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Westminster University received complaints about the Islamic Students’ Society’s behaviour on campus in 2015, prompting the creation of an investigative panel of four. Panel members included Fiyaz Mughal, former adviser to the politician Nick Clegg on interfaith matters, and the historian Lord Kenneth Morgan. The complaints, some of which were made by other Muslims at the university, relating to attitudes displayed towards female staff and students by members of the Society.

Hostile Attitudes

The panel discovered that attitudes and behaviours displayed by members of the Islamic Students’ Society were not only often hostile or intimidatory to women, but also tacitly accepted by many officials at the university. The report called this tolerance of such attitudes unacceptable.  It was found that various members of the Society refused outright to engage with female members of staff who were Muslim. This attitude obliged those staff members to enlist the help of men to be able to communicate with members of the Society. Female Muslim students were also affected as members of the Society took it on themselves to act as ‘moral guardians’.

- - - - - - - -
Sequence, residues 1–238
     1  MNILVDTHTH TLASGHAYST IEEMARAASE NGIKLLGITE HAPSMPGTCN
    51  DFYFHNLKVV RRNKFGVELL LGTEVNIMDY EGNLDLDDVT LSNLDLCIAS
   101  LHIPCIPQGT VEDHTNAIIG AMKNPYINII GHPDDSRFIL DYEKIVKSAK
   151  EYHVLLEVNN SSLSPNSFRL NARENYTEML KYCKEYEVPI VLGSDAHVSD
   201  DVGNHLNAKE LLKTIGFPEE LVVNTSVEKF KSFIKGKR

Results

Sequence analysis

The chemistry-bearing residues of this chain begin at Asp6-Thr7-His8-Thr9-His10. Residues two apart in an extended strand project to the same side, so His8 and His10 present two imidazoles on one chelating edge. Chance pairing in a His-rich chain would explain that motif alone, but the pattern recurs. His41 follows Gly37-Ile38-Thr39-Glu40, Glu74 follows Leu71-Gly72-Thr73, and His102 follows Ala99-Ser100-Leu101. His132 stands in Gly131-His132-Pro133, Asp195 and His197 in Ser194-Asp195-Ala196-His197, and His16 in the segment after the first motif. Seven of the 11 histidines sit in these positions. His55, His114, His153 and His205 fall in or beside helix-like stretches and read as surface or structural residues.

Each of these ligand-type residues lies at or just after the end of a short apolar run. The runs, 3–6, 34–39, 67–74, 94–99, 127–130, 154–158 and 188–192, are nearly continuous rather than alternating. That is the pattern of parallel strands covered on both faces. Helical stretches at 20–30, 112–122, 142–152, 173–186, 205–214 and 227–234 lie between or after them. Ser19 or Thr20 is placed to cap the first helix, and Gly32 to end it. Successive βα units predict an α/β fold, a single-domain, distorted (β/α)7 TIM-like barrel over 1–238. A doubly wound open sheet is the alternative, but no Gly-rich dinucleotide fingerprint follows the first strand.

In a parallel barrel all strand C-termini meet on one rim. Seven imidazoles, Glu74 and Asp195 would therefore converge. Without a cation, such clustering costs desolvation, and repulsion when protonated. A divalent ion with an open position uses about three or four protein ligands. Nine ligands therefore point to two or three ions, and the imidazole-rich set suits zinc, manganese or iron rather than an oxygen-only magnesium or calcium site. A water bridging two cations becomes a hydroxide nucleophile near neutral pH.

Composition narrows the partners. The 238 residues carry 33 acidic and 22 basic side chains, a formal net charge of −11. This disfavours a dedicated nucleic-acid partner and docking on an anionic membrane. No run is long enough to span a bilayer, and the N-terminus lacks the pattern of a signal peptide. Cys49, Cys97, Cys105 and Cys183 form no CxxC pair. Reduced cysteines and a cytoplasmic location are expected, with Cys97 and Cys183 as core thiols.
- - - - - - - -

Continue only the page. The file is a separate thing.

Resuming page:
Jihadi John

Further findings from the report included information about former Westminster University graduate Mohammed Emwazi, an individual better known to the public as Jihadi John. Jihadi John featured in a series of Isis videos in which hostages were beheaded, including hostages from the United States and the United Kingdom. It was following this revelation that Westminster University commissioned the report to look into the balance between free speech and diversity across campus.

Extremist Views

The initial commissioning of the report was due to fears among university officials that racial hatred and extremist views were being fomented on campus. While the report did discover that many members of the Islamic Society held ultra-conservative views, Fiyaz Mughal and the others concluded that these more extreme allegations were not true at this time. However, it was found that there were several practices in operation that should be called out, including those that restricted the rights of Muslim females studying at the university to do so without having patriarchal and misogynistic views forced upon them. Mughal called the individuals who practiced these attitudes the ‘morality police’ and pointed out that this perverse behaviour went against the pastoral requirements of the university.

The report found no evidence that members of the Islamic Students’ Society were perpetrating extremism or hatred towards members of other religious groups, or towards non-Muslims within the LGBT community at the university.